So when will the range (e.g. sd) of measured variables be smaller or greater than 1? This is difficult to answer in general, because it depends on whether X and Z are measured with meaningful scales (and that those scales are commensurate across X and Z). If their scales are not meaningful / commensurate, then they are usually standardised (i.e, Z-scored) before entering the MLR, which ensures they have sd=1 and therefore that the interaction will have comparable power (at least when X and Z are independent). Nonetheless, it should be remembered that if X and Z have meaningful scales (and are therefore not standardised), along which they vary little, then their interaction can be more difficult to detect.

Another situation where the interaction has less power is when the
variables are not measured exactly, i.e, there is noise in their
measurement. Strictly speaking, this is an “errors-in-variables”
situation, but in practice such error can be absorbed into the
`lm`

model’s single error term. This can be simulated by
setting the parameter `msd>0`

(note that the data are
generated in `gen_dat`

with the true values of X and Z, but
then fit in `pow`

with values of X and Z that have additional
Gaussian noise with sd of `msd`

).

```
arg = list(nsim = nsim, nexp = nexp, nsub = nsub, Beta = Beta, nsd = nsd)
arg = list.append(arg, expt = 0, vX = 1, vZ = 1, cXZ = 0)
arg$nsd = 2; arg$msd = 2 # reduce main noise (nsd) to get power comparable to previous examples
plot_bar(pow(arg))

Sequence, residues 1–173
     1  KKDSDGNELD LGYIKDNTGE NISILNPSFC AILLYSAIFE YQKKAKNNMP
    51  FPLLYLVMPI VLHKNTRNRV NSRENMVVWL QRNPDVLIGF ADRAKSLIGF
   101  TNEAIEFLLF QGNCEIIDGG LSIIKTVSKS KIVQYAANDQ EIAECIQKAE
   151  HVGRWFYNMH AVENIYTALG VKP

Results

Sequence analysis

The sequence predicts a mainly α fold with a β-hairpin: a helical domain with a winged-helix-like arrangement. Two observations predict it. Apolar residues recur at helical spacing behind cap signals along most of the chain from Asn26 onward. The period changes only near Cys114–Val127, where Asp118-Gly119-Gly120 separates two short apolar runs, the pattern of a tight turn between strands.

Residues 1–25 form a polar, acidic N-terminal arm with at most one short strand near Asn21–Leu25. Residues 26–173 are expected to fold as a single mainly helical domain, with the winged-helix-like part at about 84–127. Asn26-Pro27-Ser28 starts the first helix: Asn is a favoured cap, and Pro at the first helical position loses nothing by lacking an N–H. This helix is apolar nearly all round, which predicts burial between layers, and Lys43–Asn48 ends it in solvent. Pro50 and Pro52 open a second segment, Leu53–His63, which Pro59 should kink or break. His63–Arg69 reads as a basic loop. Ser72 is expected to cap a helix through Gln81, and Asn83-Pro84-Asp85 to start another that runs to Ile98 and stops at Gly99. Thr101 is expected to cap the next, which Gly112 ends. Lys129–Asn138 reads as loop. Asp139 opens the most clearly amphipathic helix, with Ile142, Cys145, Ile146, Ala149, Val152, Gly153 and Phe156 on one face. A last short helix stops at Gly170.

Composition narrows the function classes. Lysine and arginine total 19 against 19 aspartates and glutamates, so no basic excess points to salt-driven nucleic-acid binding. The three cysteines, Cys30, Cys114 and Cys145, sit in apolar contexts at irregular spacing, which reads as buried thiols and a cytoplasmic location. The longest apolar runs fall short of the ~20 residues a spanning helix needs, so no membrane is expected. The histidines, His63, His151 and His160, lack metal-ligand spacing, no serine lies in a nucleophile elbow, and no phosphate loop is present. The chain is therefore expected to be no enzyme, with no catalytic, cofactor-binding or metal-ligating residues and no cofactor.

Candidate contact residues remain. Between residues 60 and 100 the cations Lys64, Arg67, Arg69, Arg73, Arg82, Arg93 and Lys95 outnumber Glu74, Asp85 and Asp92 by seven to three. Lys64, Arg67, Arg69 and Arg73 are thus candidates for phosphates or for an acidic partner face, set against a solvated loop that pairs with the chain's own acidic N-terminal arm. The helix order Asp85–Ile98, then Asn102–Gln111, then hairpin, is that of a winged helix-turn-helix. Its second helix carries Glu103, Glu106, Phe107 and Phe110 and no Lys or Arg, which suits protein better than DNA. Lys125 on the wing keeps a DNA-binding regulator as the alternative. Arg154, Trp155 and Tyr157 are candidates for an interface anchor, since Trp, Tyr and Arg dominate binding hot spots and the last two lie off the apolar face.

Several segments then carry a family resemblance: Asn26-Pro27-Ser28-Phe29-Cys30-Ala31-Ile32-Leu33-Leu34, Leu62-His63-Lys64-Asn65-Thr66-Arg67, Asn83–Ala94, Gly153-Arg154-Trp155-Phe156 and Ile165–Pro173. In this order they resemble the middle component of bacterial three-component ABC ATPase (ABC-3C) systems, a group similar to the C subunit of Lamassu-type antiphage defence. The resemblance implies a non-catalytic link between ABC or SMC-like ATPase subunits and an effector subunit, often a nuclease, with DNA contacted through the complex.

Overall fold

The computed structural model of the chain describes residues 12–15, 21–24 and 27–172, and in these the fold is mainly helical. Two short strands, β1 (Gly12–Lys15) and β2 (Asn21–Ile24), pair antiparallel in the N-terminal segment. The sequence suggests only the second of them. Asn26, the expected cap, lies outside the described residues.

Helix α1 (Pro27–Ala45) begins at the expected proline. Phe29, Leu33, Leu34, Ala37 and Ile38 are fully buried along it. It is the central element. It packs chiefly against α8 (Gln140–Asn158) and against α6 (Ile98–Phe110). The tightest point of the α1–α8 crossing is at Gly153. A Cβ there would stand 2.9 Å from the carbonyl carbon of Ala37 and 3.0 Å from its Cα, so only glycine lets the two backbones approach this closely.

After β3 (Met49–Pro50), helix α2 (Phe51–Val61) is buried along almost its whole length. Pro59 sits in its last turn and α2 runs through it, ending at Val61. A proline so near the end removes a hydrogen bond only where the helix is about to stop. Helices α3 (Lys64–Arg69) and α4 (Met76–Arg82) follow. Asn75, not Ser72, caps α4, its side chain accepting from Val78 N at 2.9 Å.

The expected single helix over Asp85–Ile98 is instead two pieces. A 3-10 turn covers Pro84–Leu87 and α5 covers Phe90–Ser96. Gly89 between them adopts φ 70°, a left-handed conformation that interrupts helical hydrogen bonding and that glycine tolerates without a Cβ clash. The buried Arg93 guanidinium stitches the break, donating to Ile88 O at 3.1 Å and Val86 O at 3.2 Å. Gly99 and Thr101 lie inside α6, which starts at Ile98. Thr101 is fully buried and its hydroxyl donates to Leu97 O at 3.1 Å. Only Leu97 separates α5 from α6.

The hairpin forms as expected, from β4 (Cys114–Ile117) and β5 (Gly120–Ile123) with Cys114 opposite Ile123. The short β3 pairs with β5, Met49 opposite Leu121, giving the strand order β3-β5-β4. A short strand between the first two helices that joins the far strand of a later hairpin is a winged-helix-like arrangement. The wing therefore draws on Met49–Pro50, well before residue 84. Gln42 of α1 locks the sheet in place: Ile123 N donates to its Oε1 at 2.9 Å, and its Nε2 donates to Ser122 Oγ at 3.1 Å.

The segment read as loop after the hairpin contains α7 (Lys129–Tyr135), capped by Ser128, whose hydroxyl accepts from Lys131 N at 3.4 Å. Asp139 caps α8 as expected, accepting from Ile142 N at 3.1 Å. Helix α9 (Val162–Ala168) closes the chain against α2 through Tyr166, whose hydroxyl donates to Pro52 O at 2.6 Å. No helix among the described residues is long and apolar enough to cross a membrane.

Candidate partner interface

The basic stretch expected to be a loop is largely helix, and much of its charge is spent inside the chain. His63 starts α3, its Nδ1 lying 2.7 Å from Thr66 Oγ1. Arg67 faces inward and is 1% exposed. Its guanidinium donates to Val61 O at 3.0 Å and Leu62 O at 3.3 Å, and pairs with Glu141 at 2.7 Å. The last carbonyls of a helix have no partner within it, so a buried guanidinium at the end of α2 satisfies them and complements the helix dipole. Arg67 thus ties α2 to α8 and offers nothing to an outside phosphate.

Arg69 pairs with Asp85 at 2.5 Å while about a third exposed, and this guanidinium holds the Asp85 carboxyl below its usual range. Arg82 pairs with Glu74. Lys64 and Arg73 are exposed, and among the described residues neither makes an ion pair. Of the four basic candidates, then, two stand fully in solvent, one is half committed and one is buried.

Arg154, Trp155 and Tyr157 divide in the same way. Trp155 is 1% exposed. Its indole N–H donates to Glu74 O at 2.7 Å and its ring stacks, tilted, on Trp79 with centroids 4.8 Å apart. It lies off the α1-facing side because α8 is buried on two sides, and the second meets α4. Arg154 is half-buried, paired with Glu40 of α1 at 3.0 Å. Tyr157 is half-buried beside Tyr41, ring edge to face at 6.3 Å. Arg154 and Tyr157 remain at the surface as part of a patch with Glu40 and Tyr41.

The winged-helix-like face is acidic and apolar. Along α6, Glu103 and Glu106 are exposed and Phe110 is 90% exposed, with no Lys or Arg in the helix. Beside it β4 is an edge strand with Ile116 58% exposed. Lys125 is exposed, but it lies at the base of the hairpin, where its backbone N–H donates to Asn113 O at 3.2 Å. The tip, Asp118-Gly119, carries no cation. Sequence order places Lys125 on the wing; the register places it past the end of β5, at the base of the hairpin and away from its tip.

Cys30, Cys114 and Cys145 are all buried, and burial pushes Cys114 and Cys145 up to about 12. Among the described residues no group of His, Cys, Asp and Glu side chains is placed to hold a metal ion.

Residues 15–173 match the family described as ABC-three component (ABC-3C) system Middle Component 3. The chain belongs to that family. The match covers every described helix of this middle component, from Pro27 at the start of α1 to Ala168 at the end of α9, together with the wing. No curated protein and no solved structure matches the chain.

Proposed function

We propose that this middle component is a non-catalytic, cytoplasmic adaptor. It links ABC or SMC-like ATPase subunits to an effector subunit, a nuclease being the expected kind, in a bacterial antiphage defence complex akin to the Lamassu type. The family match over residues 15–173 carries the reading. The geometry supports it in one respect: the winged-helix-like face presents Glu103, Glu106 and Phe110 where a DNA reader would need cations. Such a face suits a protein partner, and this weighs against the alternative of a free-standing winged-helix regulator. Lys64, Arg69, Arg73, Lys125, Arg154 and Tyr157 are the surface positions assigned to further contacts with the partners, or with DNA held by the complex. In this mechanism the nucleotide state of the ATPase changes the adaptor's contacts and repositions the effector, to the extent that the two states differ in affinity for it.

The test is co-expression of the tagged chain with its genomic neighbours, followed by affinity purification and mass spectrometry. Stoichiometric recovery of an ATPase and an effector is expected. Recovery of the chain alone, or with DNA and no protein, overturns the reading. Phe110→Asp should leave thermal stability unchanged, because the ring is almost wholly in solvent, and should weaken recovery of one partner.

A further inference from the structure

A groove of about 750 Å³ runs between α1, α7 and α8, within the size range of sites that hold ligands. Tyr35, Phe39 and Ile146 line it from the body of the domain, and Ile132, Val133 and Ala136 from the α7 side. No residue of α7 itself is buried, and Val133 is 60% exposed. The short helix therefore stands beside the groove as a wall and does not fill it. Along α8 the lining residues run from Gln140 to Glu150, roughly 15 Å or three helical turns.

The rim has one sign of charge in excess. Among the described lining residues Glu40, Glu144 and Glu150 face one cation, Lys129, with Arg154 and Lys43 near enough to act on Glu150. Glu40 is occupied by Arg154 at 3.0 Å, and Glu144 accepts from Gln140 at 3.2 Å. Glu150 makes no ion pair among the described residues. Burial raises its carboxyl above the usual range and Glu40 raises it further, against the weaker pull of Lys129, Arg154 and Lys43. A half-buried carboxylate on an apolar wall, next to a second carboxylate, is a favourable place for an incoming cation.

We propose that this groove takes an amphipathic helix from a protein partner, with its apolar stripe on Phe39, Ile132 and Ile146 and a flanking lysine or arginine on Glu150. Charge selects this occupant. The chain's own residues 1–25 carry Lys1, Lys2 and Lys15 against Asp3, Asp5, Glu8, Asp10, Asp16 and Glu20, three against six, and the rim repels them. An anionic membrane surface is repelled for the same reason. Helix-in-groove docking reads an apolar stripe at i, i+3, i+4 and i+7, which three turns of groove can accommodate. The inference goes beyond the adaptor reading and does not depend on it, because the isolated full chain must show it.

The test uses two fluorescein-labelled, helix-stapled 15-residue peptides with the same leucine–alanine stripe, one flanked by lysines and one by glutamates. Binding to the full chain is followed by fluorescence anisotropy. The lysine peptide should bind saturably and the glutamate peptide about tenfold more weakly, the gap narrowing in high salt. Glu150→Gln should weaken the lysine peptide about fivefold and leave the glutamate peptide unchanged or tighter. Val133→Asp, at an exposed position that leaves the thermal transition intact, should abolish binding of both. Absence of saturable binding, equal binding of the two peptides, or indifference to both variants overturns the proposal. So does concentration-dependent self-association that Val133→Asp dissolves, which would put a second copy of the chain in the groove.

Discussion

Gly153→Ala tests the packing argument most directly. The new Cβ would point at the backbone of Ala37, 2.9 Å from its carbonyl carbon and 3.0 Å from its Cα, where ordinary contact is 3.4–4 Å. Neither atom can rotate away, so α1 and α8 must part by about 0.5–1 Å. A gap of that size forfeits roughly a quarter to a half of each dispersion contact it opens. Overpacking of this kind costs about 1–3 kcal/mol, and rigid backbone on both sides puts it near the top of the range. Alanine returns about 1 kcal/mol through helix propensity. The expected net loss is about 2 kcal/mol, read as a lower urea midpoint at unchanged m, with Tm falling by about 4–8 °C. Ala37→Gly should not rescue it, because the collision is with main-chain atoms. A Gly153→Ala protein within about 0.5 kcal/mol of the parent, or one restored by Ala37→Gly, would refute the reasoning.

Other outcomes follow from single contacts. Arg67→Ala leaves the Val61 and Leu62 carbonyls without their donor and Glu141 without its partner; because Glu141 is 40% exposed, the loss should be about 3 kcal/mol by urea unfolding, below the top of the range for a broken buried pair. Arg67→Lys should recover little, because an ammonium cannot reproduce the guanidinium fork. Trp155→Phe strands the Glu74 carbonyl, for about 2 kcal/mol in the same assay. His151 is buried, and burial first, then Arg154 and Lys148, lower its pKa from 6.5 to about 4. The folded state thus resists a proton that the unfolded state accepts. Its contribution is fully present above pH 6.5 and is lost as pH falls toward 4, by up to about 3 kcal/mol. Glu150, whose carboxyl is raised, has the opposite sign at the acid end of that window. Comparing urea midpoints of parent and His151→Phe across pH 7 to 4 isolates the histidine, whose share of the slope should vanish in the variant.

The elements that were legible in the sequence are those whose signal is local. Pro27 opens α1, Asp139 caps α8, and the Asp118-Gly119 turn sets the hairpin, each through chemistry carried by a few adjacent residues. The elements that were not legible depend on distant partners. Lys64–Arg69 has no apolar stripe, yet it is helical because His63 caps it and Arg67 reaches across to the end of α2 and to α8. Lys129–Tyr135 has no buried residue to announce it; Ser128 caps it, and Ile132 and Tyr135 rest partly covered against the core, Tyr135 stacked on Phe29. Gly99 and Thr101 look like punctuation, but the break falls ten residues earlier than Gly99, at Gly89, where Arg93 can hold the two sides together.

```

The interaction is now more difficult to detect than the main effects because the measurement noise in X and Z has been amplified simply by their multiplication to create the regressor XZ. Therefore, if one has imperfect measurement of the true variables producing the data, then interactions will suffer in their sensitivity.

In a final example where the power for detecting an interaction is
reduced, we will generate cases where the interaction term is correlated
with one or both main effects (even after Z-scoring), and where one
decides to partition shared variance “sequentially” to each term in the
MLR, giving priority to main effects over interactions. This is a
situation where the order of regressors matters in a MLR, and arises
when interactions appear to “the right of” main effects in the
`lm`

equation. In the `pow`

function, sequential
testing is implemented by using the default `anova`

function
on the lm fit, which uses type I sum of squares, rather than the usual
`summary`

function.

We will also take this opportunity to illustrate a final option of